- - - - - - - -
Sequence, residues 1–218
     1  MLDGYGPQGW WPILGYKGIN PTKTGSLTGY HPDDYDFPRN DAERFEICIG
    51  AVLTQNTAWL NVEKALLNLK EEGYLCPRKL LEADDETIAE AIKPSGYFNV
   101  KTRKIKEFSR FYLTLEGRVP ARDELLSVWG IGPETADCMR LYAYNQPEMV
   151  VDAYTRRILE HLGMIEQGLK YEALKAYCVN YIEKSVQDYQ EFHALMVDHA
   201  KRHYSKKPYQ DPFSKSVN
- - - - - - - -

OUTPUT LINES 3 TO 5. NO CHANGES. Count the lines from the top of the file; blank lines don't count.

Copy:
    51  AVLTQNTAWL NVEKALLNLK EEGYLCPRKL LEADDETIAE AIKPSGYFNV
   101  KTRKIKEFSR FYLTLEGRVP ARDELLSVWG IGPETADCMR LYAYNQPEMV
   151  VDAYTRRILE HLGMIEQGLK YEALKAYCVN YIEKSVQDYQ EFHALMVDHA